I had a post-mortem all set to go, roasting the Tigers for their inability to do anything offensively against the Astros in what was going to be a 3-2 loss.
A big culprit was Alex Avila, who looked lost at the plate once again. He went down meekly in his first three at bats. The only positive Avila accomplished with the bat was moving a runner from second to third on a ground ball. It was the story of his season.
Then Don Kelly walked, Avila went yard, Tigers win 4-3, the world was back correctly spinning on its axis, and the recap went into the trash can.
All thanks to Alex Avila.
It's not as if Avila hasn't hit huge, late game home runs for the Tigers in the past. But I'm not sure there has been a more unexpected one, being Avila entered the game hitting .176 with a mere 13 hits. But we tend to forget the power is still there, shown by three home runs.
Make it four with Avila's biggest hit of what is still a young season.
A solid defensive catcher who can produce on offense is a weapon hard to find in today's game. The Tigers need a productive Avila behind the plate. The Avila with 15-20 home run power and a .350 on base percentage, not outrageous numbers with his track record.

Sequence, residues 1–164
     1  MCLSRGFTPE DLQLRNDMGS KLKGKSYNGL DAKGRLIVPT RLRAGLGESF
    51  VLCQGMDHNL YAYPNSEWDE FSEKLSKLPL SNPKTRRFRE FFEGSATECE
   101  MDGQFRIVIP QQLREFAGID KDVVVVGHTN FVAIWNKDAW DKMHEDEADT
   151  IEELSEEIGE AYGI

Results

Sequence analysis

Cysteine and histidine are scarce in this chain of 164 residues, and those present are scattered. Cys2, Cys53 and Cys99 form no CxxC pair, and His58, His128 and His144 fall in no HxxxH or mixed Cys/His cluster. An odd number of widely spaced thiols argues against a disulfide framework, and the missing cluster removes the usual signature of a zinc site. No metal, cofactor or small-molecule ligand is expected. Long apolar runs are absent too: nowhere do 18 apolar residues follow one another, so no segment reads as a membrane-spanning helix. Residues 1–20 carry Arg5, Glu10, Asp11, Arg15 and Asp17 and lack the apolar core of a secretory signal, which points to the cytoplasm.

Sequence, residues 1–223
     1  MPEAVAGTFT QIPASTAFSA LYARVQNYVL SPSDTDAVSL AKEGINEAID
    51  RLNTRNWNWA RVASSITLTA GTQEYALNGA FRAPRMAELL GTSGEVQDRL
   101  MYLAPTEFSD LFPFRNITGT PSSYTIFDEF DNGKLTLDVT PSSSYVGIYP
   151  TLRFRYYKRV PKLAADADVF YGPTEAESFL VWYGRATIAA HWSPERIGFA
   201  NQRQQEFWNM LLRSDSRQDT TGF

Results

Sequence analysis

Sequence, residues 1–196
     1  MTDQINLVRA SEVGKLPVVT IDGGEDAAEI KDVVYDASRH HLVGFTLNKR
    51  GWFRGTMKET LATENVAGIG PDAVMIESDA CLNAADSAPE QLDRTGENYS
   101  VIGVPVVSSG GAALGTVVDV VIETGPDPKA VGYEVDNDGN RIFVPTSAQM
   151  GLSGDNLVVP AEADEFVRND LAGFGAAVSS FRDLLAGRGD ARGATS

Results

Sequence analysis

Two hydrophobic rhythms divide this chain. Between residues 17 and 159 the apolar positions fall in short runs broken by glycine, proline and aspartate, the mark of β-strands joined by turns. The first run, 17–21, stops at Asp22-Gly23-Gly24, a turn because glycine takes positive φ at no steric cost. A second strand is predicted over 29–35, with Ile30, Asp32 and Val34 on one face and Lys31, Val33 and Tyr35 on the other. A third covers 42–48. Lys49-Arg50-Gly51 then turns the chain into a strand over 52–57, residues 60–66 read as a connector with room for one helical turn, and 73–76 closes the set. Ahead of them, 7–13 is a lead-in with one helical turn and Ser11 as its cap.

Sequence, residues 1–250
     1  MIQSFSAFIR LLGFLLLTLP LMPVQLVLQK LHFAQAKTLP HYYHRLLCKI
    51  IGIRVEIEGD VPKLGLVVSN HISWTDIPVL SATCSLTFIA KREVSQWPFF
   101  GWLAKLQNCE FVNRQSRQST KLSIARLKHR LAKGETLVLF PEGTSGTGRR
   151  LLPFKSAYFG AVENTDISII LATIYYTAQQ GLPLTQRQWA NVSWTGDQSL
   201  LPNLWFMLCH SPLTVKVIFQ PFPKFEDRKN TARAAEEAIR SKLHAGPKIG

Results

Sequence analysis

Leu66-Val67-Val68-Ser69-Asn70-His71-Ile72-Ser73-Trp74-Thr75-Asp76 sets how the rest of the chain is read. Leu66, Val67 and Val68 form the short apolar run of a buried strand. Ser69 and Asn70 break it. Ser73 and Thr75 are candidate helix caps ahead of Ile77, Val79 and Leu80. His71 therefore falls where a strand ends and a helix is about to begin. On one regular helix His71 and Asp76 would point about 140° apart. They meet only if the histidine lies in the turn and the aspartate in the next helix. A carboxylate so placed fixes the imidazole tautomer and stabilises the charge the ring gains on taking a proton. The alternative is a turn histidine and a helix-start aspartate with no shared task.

If tonight is the start of a turnaround to what's been a pretty damn miserable season, this might have been the most important home run of Avila's career.
Only time will tell. But for one at bat, Avila we all expected was back. I hope he's here to stay.
As for the storyline coming into the game?
The streak is over. The number of games with ten strikeouts or more ends at seven, an American League record. The Tigers' pitching staff end up four strikeouts short of tying the Milwaukee Brewers' MLB record of eight games, set in 2012.
But does anyone really care? Should we care? Strikeouts no longer carry the sigma they did decades previous. In today's K-happy, swing for the fences game, I would not at all be surprised to see the Tigers make another run at the MLB record.
In the end, the strikeout streak is as meaningless a record as Justin Verlander's six inning start streak. Nice to have, but doesn't really mean a thing.
WIN PROBABILITY GRAPH:
Looks like Monument Valley!
Another big crowd at Minute Maid Field. Looks like Comerica Park circa 2003.
"I like to stir the fans up now and then," Leyland said with a smile. I'll play Kelly again."
Proof Leyland listens to the angry callers on sports talk radio and enjoys driving them crazy.
Motor City Bengals' Matt Snyder tempers the Kelly enthusiasm.
Don Kelly performing well versus Houston shouldn't surprise us. He always hit well in AAA.— Matt Snyder (@snyder_matthew) May 4, 2013
Speaking of short...
I imagine that Don Kelly playing the Astros gives him the same feeling that Jose Altuve gets when he meets someone shorter than him— Detroit4lyfe (@Detroit4lyfeRob) May 4, 2013
Rob kept them coming in the game thread:
It's hard to be good when you only have 8 1/2 guys in your lineup
He's here all week, folks! Try the veal!